So what about the old-fashioned romance? Those little dime-store novels that catered to women’s longings and created an industry? Can we still write about women who like pretty things? Who want a home and a family? Who like a man who holds doors and brings her flowers? Do these stories belittle women? Can a beta male be a hero?

In my Prospect series, the heroines are all strong, independent women. Lottie, an unwed mother, runs a prosperous farm and makes a home for herself and her son. The man who wins her heart has to offer more than superficial courtesies, but he can’t be a bully.

Emma comes from a world of privilege but must now stand on her own in a harsh country. She won’t trust any man who wants to “take care of her.” She did that once and was betrayed. The man who wins her heart will respect her toughness while seeing through the uncompromising exterior to the passionate and tender woman beneath.

Louisa has been controlled and shamed by her father for her whole life. She sets out to rescue herself, build an independent life in her own home and her own shop. She’s not immune to some light-hearted flattery, but the man who wins her heart must be her equal, not her superior, nor her footstool, and nothing at all like her father.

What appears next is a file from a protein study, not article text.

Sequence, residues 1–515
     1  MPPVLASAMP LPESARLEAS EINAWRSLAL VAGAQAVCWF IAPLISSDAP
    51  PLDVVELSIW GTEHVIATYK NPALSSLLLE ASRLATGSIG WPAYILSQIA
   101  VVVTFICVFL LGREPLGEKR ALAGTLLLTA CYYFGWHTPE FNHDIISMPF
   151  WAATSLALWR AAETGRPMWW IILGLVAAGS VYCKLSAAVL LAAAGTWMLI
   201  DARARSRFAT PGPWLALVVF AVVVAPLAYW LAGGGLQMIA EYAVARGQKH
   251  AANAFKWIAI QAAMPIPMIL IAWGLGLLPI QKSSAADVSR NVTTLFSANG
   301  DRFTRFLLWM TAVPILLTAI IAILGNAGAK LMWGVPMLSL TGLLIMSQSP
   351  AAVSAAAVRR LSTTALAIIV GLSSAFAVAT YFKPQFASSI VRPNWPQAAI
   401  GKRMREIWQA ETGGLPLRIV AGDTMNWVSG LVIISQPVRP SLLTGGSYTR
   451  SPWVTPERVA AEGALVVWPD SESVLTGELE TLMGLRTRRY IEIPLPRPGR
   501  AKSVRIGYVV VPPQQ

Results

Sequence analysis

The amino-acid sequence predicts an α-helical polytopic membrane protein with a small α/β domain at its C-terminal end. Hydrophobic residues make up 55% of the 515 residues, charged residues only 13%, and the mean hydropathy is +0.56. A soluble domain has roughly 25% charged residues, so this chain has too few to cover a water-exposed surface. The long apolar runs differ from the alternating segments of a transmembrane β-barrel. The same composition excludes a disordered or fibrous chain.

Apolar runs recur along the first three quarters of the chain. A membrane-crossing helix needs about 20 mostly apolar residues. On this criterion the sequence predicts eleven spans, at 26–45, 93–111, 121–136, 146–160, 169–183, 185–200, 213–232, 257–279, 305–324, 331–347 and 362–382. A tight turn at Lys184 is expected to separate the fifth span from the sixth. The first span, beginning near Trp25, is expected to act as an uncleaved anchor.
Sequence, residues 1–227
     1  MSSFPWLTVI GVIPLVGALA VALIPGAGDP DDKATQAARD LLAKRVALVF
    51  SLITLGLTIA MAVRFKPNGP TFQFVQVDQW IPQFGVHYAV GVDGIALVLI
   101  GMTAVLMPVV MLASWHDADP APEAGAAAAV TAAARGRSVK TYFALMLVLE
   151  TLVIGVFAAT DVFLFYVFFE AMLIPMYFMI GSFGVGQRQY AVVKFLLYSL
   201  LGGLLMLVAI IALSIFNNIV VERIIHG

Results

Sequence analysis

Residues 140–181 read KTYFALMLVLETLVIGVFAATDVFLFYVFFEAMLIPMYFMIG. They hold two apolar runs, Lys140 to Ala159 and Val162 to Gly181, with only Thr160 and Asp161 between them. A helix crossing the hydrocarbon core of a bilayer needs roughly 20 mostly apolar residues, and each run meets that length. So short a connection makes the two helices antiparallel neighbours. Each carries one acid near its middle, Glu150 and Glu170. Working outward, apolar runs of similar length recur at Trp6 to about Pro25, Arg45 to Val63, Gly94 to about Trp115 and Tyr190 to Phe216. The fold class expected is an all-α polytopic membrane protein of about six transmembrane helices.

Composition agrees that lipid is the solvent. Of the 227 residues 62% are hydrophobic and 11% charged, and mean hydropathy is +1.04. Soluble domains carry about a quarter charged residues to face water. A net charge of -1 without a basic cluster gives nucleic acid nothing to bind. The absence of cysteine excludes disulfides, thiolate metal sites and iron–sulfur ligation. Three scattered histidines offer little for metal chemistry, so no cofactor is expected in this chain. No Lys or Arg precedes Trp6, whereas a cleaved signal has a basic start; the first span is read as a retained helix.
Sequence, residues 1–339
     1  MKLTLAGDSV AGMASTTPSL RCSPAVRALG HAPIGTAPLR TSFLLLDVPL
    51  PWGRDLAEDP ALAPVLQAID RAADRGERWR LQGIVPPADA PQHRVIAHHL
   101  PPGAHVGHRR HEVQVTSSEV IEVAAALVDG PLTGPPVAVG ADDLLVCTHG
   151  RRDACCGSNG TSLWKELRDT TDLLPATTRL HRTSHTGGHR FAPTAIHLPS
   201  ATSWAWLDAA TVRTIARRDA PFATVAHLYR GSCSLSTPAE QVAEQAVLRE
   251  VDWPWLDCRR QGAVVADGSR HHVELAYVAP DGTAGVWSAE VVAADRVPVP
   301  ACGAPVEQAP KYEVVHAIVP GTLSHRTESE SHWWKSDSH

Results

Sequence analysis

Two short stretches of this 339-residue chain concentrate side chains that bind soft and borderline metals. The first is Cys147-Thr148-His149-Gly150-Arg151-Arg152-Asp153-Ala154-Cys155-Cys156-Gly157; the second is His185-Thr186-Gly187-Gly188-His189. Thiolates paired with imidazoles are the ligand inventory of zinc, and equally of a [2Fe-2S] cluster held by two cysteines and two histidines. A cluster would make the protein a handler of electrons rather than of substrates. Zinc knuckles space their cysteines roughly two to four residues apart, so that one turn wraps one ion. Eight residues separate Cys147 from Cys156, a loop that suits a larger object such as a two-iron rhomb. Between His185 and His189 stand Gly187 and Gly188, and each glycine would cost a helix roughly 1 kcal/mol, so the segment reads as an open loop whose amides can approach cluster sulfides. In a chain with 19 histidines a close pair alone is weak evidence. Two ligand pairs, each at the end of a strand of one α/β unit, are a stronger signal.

I think these books can stand scrutiny in the “me too” era while still appealing to women searching for a softer heroine.

What are your favourite romances? Are they fairy-tales with a prince to rescue Cinderella? Are they battle stories with female generals? Are they boy-next-door fiction where she turns out to be a hired assassin?

I’d love to hear your recommendations.

 

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6 Influences on Perception

I’ve been thinking a lot about perception lately, because I’ve had cataract surgery. What do I see before the surgery? What will I see afterward? Do I want distance vision or close-up vision? What happens with colours? Can I drive at night? What matters most to me?

When it comes to my eyes, my answer “all of it.” But even with the best eye-sight in the world, we still have blind spots in the way we perceive the world. e.g. As a woman of faith, I see a rainbow as a reminder of God’s promise to Noah. A secularist may see some pretty colours in the sky. A physicist may see an example of refractive light.

What does this have to do with writing? More than you might think. Perception and point of view are often used interchangeably, but they are not the same thing. Typically we think of point of view means whose head we are in. If we are in our heroine’s head, the story is told from her point of view. True, but not enough for compelling story-telling. How often have you heard the advice to write in “deep” point of view. That is, get deep into your character’s head and heart and soul to make her come alive to the reader. That’s where “perception” comes in.  How does your character perceive events? Not just what she can see and hear and touch and smell. Perception is how she evaluates those sensory inputs. And that, of course, relates to character.